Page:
Why Marketers Should ? Emoji Speak

By Sarah Clark

Communication today can be best described three ways: Concise, digital, and visual.

Visual communication has soared in popularity lately, largely because of tech-savvy Millennials.

Those in the 18- to 24-year-old range spend an average of 91 hours a month on smartphone apps, often sharing images on Instagram and Snapchat.

One report even found that four in 10 Millennials would rather communicate with pictures than words.

That might explain why emojis are so often used in place of the written word.

Upward of six billion emojis are used every day, and it’s not just young people who are speaking emoji.

More than 75 percent of consumers ages 25 to 29 and more than 60 percent of those 35 and older identify as “frequent emoji users.”

But the corporate world isn’t keeping pace with these changing communication trends.

Some companies need to alter their views of “professionalism” because they still view emojis as unprofessional.

And many companies are still figuring out how to reach audiences using these new visual avenues; only a few have even attempted to use emojis in marketing campaigns.

All of this means there’s a great opportunity before you in the marketing world—if you speak the language, that is.

Launching Your Emoji Campaign

Emojis are more than just funny faces ? and plump hearts ?; they’re an opportunity for your company to connect with consumers and steer their behavior.

Dominos lets customers order a pie by texting or tweeting a pizza emoji ?.

Chevrolet recently issued a Millennial-friendly all-emoji news release to launch its 2016 Cruze ?.

Now, it’s your turn to join these early adopters.

Here are some tips for incorporating emojis into your company’s marketing strategies:

  • Identify your target audience. Knowing and understanding your target audience is the first step of any good communications strategy. For emoji marketing, understanding your potential customers can help you have the biggest return with your new message and avoid embarrassing mistakes—the eggplant emoji may not be as innocuous as one might think. Learn more than just basic demographics; really get to know who your audience members are so you can speak their language. Look at the websites, blogs, and forums that are popular among your target consumers, or conduct focus groups to understand how they talk, what they’re passionate about, and how to have a lasting impression with your message.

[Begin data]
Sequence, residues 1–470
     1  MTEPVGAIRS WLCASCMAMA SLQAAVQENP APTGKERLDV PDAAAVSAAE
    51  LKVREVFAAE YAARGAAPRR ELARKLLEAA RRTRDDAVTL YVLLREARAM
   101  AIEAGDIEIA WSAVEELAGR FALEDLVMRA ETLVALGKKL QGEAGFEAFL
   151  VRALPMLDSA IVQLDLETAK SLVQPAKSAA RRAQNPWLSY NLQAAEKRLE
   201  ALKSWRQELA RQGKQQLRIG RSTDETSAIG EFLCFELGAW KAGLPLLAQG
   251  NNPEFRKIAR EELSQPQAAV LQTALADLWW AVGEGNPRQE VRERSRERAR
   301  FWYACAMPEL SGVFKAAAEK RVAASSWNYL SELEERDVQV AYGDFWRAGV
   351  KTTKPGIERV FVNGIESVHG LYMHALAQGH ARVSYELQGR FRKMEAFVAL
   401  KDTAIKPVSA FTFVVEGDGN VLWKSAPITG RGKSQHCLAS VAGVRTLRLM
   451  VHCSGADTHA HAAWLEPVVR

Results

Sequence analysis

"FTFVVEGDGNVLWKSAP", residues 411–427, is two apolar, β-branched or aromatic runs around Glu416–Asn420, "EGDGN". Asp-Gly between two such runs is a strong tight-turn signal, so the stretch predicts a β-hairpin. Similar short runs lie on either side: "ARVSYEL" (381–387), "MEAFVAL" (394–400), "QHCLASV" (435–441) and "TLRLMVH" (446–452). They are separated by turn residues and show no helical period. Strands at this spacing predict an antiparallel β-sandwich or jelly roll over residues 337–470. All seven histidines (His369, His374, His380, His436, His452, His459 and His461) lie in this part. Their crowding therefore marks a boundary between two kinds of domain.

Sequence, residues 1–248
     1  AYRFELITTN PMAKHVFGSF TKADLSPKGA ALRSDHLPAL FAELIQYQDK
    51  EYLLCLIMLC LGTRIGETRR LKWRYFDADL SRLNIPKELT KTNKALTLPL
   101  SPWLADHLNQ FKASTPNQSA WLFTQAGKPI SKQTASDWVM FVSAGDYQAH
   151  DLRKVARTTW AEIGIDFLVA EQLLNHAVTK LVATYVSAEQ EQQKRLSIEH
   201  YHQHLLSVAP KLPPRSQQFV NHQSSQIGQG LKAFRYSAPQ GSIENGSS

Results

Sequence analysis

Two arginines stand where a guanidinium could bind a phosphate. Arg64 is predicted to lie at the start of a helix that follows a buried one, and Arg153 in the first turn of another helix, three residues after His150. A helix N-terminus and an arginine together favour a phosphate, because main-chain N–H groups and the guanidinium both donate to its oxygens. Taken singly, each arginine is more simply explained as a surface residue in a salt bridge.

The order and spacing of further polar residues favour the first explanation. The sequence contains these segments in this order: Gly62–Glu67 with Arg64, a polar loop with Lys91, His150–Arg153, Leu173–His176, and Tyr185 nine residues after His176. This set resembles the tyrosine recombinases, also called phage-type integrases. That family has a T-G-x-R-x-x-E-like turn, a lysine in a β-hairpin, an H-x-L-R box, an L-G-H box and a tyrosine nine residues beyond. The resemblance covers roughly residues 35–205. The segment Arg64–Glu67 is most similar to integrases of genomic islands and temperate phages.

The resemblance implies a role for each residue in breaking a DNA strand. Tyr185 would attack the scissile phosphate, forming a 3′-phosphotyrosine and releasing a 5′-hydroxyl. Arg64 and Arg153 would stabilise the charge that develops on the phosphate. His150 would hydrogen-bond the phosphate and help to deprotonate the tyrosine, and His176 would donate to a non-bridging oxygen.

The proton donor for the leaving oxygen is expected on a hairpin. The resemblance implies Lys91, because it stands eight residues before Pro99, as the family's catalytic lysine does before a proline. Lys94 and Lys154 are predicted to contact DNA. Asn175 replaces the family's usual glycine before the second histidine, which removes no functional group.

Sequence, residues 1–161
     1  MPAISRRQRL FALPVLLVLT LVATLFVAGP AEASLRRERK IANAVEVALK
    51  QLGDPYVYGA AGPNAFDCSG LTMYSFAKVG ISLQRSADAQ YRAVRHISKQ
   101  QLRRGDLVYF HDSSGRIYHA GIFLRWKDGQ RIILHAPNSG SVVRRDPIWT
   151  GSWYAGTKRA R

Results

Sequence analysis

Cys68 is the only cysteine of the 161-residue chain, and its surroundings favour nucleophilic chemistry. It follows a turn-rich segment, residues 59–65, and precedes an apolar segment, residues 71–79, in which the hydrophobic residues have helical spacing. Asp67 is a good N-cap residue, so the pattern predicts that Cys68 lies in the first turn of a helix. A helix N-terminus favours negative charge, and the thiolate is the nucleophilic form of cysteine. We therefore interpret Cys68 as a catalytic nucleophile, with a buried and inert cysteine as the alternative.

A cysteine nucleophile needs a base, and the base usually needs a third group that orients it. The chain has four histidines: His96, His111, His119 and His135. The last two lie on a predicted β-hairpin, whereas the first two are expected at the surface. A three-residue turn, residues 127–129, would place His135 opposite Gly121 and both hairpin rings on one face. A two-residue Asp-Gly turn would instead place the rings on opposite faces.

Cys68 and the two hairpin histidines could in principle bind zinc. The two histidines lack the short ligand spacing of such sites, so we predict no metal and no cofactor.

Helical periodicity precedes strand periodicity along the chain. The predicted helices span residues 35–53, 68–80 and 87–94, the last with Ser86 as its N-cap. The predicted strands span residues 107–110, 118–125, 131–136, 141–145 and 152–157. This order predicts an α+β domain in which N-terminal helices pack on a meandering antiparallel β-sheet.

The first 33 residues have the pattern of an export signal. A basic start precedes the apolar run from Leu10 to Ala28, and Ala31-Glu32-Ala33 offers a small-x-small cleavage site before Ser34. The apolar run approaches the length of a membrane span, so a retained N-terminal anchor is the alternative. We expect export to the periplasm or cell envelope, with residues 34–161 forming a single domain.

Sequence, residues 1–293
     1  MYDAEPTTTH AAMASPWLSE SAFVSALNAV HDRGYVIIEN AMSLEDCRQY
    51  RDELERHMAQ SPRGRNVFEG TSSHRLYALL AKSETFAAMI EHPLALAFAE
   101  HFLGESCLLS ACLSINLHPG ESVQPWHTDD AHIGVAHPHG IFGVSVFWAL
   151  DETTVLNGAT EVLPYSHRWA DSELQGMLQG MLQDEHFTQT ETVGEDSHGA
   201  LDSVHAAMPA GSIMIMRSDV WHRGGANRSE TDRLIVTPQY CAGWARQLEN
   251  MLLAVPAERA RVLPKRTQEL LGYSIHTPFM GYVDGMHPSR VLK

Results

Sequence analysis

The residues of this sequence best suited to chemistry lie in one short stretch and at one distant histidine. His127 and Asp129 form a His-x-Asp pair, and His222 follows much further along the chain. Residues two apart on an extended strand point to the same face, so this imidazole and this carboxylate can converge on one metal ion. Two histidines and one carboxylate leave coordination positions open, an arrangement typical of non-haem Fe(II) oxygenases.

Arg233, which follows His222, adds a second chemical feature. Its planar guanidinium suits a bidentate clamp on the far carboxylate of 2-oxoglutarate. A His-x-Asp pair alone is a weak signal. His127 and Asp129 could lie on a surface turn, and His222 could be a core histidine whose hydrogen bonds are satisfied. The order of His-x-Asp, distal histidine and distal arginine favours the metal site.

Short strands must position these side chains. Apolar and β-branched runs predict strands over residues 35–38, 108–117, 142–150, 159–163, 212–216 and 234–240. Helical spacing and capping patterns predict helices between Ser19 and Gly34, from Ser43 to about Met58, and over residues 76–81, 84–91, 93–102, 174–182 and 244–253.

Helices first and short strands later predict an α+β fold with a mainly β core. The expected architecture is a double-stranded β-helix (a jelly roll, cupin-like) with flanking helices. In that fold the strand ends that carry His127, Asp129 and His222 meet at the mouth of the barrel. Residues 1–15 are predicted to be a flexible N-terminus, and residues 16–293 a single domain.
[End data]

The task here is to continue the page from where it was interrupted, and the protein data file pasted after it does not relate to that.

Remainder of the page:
• Understand the emotion of your message. Marketing campaigns often use imagery to evoke emotion—from sentimentality ? to humor ? to pride ?. Emojis can be surprisingly effective in building an emotional connection with consumers. Applying what you learned about your target audience, focus on crafting the emotions of your message. What do you want your targets to feel, what actions do you want them to take as a result, and which emojis can get you to that point? If you can connect your audience members to your message emotionally, they’ll be more motivated to act (buy, feel, share, read) the way you want.
  • Stay away from stereotypes. Because so much about today’s society is fluid, it’s important to avoid stereotypes that might offend or alienate potential customers. For example, if you’re marketing a cleaning product, you wouldn’t want your message to imply that the product is only for women. Many potential customers of both genders would take offense to such an outdated assumption. While you should craft your message to speak directly to your target audience, always avoid language, images, and emojis that hurt, demean, or exclude others. Instead, find emojis that resonate with your audience in a positive way, drawing people to your product.
  • Use data to up your emoji game. Once you find the right medium to reach your audience and launch your message, gather and analyze data to ensure your campaign is—and remains—effective. Data analysis is the key to identifying when it’s necessary to adjust your strategy, increase engagement, or simply avoid annoying or spamming your customers. Use analytics tools such as emojitracker  or theAmplify to get the most out of your emoji-driven campaign. Don’t just focus on what’s trending; study what’s has the biggest return on your target audience. Then, make any necessary tweaks.

Visual communication is the way of the future, and emojis are the dominant language.

To stay relevant among today’s consumers, marketers must become fluent in emoji speak and begin incorporating it into their business campaigns in smart, effective ways.

image credit: shutterstock

Sarah Clark

Sarah Clark is CEO of Mitchell, a leading integrated PR firm that creates real connections between businesses, brands, and people through strategic insights, customized conversations, and consumer engagement. Mitchell is the flagship PR agency of the Dentsu Aegis Network, which is the 2017 and 2018 MediaPost Holding Company of the Year.

View all posts by Sarah Clark